In both classes, student transcript GPA was directly correlated with their quiz grades in the course. This means that regardless of classroom type, prior success and a strong work ethic were good indicators of future success. However, being a proactive student was less important in the flipped section. Specifically, the course website’s clickstream data tracked when a student opened up a homework assignment or a practice quiz, which are indicators of when a student started the homework assignment or studying for a quiz. Starting assignments and studying for quizzes early were both directly related to success in the traditional section. However, these effects were not as strong in the flipped section. We hypothesize that this is due to the fact that valuable course materials (e.g., online lecture videos) are always available, and that this last-minute accessibility to course resources decreases the negative impact of procrastination on success.

The student surveys gave us additional insights into student perceptions of the traditional and flipped sections. The majority of students indicated they were pleased with the method being used in their section. Students were asked about their time commitment to the class midway through and at the end of the semester. Although there was not much difference in the responses of the traditional class over time, there was a change in flipped responses. Specifically, we observed a larger variation in flipped students’ responses to the time commitment question during the middle vs. the end of the semester. This suggests that there may be a learning curve associated with the flipped method, and some students initially struggled to adapt to the new method, increasing the time commitment.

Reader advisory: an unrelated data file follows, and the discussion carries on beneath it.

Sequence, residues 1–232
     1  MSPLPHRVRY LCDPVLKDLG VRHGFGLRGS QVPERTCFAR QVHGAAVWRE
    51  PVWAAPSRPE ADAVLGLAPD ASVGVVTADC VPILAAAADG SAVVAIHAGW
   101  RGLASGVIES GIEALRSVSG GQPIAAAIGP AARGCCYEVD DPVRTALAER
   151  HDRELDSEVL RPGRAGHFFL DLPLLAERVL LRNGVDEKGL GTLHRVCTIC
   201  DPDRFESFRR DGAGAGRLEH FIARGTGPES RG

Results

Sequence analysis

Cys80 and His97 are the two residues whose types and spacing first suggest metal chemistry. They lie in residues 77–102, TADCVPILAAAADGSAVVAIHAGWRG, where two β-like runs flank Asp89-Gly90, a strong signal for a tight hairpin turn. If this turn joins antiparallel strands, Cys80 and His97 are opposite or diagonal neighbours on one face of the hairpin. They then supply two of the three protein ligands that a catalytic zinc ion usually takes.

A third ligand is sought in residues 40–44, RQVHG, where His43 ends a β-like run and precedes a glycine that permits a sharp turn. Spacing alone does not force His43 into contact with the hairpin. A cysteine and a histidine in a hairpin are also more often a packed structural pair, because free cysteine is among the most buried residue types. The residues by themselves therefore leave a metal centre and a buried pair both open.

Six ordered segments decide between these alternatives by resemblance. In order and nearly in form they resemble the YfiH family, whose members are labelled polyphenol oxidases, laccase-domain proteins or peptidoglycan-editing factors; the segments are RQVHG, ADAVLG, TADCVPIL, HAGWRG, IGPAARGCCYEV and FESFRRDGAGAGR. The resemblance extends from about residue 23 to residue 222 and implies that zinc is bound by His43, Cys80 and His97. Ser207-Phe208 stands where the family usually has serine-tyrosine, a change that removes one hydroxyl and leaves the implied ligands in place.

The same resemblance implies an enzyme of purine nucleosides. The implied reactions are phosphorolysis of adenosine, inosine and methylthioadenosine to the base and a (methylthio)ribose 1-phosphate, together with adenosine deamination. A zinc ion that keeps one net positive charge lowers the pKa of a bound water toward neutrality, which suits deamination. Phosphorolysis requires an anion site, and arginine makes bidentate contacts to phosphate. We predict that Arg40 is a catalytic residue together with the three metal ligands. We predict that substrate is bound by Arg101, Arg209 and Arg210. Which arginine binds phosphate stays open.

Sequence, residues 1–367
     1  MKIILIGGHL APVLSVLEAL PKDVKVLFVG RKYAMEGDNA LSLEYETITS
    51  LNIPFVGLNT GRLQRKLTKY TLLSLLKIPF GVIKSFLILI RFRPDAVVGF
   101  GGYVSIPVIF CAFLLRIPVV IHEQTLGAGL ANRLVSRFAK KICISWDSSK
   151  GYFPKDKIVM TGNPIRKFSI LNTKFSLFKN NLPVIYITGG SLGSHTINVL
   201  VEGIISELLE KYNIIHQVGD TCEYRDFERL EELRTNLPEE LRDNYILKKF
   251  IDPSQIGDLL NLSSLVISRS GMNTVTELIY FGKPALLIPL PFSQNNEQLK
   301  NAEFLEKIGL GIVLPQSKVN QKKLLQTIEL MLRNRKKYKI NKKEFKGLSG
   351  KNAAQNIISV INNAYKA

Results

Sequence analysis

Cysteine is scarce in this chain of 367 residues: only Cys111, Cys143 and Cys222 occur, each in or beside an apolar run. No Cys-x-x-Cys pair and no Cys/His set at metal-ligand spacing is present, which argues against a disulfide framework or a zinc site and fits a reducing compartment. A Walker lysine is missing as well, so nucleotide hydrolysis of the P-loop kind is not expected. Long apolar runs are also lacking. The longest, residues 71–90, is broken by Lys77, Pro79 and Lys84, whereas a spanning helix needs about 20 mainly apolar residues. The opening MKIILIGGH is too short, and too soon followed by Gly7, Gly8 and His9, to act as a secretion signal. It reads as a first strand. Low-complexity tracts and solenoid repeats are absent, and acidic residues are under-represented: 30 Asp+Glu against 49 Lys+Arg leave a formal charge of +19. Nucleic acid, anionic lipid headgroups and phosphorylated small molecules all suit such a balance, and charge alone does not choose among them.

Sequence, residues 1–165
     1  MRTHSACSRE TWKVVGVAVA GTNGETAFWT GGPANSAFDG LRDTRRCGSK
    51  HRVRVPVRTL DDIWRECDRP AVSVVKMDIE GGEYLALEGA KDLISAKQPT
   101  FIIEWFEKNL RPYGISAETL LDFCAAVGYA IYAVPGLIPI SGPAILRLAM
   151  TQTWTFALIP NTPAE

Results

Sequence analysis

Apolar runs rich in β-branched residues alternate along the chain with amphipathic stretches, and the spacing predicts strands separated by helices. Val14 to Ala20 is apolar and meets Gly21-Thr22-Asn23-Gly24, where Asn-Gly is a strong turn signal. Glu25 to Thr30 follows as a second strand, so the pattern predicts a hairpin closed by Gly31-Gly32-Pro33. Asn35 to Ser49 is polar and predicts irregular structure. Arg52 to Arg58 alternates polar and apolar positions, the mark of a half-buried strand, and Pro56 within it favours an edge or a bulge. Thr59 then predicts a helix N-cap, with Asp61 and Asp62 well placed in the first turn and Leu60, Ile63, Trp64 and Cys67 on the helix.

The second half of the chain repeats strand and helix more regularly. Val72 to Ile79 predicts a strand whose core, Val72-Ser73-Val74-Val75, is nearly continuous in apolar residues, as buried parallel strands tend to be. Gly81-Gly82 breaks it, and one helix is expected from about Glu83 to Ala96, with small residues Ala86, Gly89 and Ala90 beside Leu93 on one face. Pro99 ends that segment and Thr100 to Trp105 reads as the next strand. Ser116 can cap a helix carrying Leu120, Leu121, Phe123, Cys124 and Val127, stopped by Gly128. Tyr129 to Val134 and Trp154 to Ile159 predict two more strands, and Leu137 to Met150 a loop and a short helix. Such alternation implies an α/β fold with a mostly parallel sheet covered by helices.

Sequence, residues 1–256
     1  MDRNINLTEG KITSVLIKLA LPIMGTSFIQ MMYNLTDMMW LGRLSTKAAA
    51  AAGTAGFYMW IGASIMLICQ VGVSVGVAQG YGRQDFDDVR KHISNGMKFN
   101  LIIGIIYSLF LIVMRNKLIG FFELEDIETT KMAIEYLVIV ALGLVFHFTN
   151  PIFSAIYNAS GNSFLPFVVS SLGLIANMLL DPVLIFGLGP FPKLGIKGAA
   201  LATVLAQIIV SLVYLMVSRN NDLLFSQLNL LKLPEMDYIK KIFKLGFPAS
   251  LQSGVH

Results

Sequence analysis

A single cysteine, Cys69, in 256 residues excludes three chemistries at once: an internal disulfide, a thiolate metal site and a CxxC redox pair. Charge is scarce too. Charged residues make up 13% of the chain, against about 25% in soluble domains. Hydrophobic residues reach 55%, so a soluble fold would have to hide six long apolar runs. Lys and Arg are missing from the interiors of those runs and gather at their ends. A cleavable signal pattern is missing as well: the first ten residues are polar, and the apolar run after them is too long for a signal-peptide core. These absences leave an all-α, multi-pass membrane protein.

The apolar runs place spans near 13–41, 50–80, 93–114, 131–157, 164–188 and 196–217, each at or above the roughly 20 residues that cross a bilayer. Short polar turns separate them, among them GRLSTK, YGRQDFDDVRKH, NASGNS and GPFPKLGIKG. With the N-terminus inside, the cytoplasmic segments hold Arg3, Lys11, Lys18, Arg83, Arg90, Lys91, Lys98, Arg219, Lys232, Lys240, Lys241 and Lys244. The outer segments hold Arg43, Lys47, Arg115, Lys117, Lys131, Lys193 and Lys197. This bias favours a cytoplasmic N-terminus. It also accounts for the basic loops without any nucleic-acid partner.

Given the study found positive and negative aspects of each classroom type, we wanted to look at another classroom that might incorporate the best of each classroom. For example, the flipped students might like having access to online lecture videos, but some lack motivation if required to watch them before class. Therefore, providing access to the videos without expecting students to view them before class may be beneficial. Using this process, we came up with a version of the micro-flipped classroom, where the in-class time includes the instructor’s lecture and a short practice problems session. Students are given access to the online lecture video afterwards.